Buying a Home? 6 Ways to Protect Your Identity While You Close
Buying a home requires sharing lots of personally identifiable information. Make sure that while you’re working with realtors, home inspectors, and state agencies that you’re being proactive to keep your information secure.
Here are our top tips to ensure that you find your dream home in a safe and secure way:
1. Work with a Trusted Real Estate Provider
Many people will have access to your personal information as part of the home buying process. This is why you should seek out professionals that have high recommendations from people you trust. Even after you find someone who is highly recommended, make sure to check his or her credentials. Your local Better Business Bureau will be able to tell you if any problems have been reported in the past.
2. Ask How They Store Your Information
Make sure you have a safe way to send sensitive documents and ask them where they store personal information. See if they have security in place in case of an online breach, or security where they store physical documents.
According to the Identity Theft Resource Center, more than 400 million people had their sensitive data exposed in 2018. That number was a 126 increase from the amount of personal data exposed in 2017.
3. Consider Freezing or Locking Your Credit Until You Make an Offer
One of the downfalls of a credit monitoring service is that it can only notify you of an issue after someone has stolen your data. This is where freezing or locking credit comes in. Both processes prevent creditors from accessing your credit report, which stops criminals from opening a new account in your name.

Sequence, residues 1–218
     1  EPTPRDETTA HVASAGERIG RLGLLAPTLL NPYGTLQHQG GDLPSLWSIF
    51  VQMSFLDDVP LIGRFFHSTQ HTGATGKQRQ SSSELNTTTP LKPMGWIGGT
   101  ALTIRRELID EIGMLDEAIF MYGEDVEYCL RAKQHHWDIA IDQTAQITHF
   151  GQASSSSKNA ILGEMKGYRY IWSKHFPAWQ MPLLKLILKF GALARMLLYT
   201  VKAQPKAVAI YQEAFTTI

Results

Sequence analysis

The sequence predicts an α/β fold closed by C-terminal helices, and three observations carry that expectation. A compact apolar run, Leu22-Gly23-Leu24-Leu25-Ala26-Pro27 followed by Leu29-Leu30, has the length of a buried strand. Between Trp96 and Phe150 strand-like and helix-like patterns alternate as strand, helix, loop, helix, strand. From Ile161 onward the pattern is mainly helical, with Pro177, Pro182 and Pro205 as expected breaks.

Credit locks are products offered by consumer credit bureaus, and you can unlock your credit whenever you wish. Credit freezes are free as mandated by law but unfreezing an account can take several days compared to locks.
4. Find a Service that Monitors Your Personal Identity
It’s hard to keep an eye on your credit when you’re trying to buy a home on top of everything else in life. That is where monitoring services come to the rescue. For a monthly or annual fee, these services will alert you if new accounts are opened in your name among other red flags. These services are especially helpful if you need to recover lost money and repair your credit.
You should consider paying for a service if you have previously been a victim of identity theft or if you lost your Social Security card.
6. Stay safe when you close
Keep yourself safe when buying a new home by using a secure computer with a password-protected network. Be wary of email phishing schemes and avoid promises that seem too good to be true. Shred any documents with sensitive information once they’re no longer needed. Also, make sure to use a variety of passwords for different logins. Article Written by Haley Keiser